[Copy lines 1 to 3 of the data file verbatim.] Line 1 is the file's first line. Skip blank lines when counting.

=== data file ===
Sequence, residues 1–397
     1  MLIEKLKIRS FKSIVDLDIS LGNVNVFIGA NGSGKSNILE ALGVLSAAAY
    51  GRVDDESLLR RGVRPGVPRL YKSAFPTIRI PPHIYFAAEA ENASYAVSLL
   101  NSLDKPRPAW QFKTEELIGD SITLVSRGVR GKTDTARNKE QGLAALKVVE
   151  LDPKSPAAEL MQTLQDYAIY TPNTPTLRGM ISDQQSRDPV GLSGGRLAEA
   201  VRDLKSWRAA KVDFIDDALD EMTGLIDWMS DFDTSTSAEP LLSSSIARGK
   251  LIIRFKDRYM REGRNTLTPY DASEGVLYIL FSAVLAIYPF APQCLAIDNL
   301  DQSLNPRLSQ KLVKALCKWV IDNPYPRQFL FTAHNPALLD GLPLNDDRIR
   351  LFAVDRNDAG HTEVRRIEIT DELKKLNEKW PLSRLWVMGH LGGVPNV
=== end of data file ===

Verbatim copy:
Sequence, residues 1–397
     1  MLIEKLKIRS FKSIVDLDIS LGNVNVFIGA NGSGKSNILE ALGVLSAAAY
    51  GRVDDESLLR RGVRPGVPRL YKSAFPTIRI PPHIYFAAEA ENASYAVSLL